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Metallica’s Trujillo Rescues Jaco Pastorius’ Bass of Doom

Written by on June 21, 2010

Metallica’s Trujillo Rescues Jaco Pastorius’ Bass of Doom

Jaco Pastorius and the “Bass of Doom.”

Metallica bassist Robert Trujillo has long regarded Jaco Pastorius as his personal hero. During his early days of writing bass lines and riffs with former bands like Infectious Grooves, thoughts of Pastorius inspired his every move. And it wasn’t just his dexterous bass playing either; Trujillo also admired Pastorius’ fearless attitude.

“Jaco wasn’t just a tremendous player and an innovator of the instrument,” says Trujillo. “He had incredible stage presence and a fearless, anything-goes attitude. He was also a brilliant composer. He was so musical and well rounded — and whether it was utilizing aspects of harmonics, distortion or bringing Hendrix into the flow, Jaco always kept it really, really, heavy on the swing end. I think what separates him from a lot of the other super badass bass players was his groove.”

Trujillo considers himself privileged to have seen the late master perform live on several occasions, particularly in 1985 when he happened upon the famed musician in an intimate setting at the Los Angeles Guitar Show. While checking out the various exhibits at Hollywood’s Merlin Hotel, Trujillo’s ears perked up at the sound of a loud distorted bass coming from the neighboring room.

“The walls were shaking!,” recalls Trujillo. “I walked into this room to see who was playing, and there’s Jaco. I was speechless, so I just sat down and watched him play, and the next thing you knew the room had filled up with about 70 people — all completely overwhelmed by his presence. And it was really strange, because he didn’t speak to anybody. He just looked closely at everybody and kept on playing. It was a really surreal and special moment and I’ll always remember it.”

That chance encounter now seems especially serendipitous, as it was Trujillo who recently made it possible for the Pastorius family to gain control over the fabled “Bass of Doom.”

The Pastorius family was electrified to learn in December 2007 that Jaco’s Bass of Doom — the fretless 1962 Fender Jazz Bass that had been stolen from a park bench in Greenwich Village in 1986 — had actually surfaced in a small music store in Manhattan’s east side. Although the instrument had Pastorius’ full name inscribed on the back of the headstock, the shop owner paid a mere $400 to the stranger who walked in off the street after possessing the instrument for over 20 years. Attempts were made through a family representative to recover the long-missing instrument by offering a handsome reward, but the store owner was unwilling to return the instrument, and the Bass of Doom quickly became the epicenter of an extensive legal battle.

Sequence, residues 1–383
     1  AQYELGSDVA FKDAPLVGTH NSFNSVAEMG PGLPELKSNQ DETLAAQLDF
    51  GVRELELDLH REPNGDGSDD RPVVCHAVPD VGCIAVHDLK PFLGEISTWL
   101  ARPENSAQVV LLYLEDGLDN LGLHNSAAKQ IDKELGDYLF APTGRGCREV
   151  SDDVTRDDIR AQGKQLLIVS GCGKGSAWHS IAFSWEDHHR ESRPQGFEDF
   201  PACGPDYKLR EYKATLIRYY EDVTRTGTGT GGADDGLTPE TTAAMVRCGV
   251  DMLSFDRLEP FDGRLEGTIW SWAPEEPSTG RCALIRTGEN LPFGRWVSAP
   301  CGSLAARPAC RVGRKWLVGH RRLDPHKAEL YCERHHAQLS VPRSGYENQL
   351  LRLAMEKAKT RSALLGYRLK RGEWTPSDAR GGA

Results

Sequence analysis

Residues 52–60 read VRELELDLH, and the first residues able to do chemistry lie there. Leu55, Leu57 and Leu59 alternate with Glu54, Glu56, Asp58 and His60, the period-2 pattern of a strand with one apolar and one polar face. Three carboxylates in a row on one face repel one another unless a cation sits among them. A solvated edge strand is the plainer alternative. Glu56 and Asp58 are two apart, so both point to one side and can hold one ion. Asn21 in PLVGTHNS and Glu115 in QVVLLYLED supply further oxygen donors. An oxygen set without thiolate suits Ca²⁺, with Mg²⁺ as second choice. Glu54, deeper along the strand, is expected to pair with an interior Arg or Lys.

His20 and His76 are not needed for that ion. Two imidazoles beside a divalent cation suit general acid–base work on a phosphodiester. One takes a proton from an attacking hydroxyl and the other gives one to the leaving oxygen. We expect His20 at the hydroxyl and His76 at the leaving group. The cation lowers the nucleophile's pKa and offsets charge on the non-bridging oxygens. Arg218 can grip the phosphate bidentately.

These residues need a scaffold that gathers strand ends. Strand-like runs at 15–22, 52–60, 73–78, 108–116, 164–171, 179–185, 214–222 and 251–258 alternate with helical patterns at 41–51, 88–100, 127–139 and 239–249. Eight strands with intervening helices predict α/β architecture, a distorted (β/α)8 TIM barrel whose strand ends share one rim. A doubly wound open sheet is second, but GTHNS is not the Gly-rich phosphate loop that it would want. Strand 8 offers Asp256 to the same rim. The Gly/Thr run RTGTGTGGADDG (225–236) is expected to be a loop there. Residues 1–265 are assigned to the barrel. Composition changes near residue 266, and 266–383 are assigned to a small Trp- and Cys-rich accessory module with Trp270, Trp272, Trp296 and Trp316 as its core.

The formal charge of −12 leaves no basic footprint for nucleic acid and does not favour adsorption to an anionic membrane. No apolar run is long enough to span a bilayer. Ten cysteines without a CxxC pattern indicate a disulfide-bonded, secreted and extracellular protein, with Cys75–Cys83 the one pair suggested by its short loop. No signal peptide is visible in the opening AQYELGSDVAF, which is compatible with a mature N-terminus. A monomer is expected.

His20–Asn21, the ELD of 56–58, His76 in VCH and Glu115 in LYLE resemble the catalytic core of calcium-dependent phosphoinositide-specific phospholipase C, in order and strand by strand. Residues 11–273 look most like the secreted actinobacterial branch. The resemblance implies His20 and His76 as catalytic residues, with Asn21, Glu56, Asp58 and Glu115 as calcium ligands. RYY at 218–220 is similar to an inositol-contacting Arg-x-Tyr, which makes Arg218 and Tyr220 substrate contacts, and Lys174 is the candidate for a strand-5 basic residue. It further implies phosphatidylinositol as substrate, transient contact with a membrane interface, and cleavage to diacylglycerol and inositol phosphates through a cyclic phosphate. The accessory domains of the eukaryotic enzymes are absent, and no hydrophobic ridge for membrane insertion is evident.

Robert Trujillo

Having become friends over the years with bassist David Pastorius (Jaco’s nephew) and Jaco’s eldest son, Johnny, Trujillo only learned of the legal battle surrounding the Bass of Doom from Pastorius’ lifelong friend and fellow bassist, Bob Bobbing, during a meeting about the making of a documentary on Pastorius’ life.

“While visiting Bob at his office in Florida, a call came in from the New York attorneys handling the lawsuit, and later Bob filled me in on all the details,” recalls Trujillo. “My first response was ‘What can I do to help?’ Not being a collector, I just wanted to right a wrong and help squash the ongoing and costly legal proceedings.”

Trujillo selflessly supported the family by making available to them the funds necessary to resolve the matter. The case was settled in late March in New York, and Johnny and Felix, armed with Pastorius’ original double Anvil touring case, soon traveled there to reclaim their father’s bass.

Although Trujillo currently owns the instrument, the Metallica bassist agreed in writing to relinquish the instrument to the family at any time for the same purchase price. According to Bobbing, the family corporation’s liaison to the law firm of Kilpatrick Stockton, Trujillo additionally made several other warranties in the purchase agreement rider that completely established that he had the best interests of Jaco and of the Pastorius family in mind.

“I’m never going to single-handedly feel like I have the ultimate right to it,” says Trujillo. “I feel like myself and the family share its voice in a way. Ultimately, I think we all agree that we’d like to see this legendary bass in a museum.”

For most, the legend began in earnest in 1976, when Pastorius released his groundbreaking eponymous solo debut. Jaco Pastorius was a landmark work still considered one of the greatest if not the greatest bass album ever recorded. His subsequent influential work with Pat Metheny, Joni Mitchell and Weather Report, in addition to other solo work and many other guest appearances, have left behind an enduring legacy. One can only speculate on the heights he would have achieved had he not met a tragic and untimely fate at age 35 in September 1987.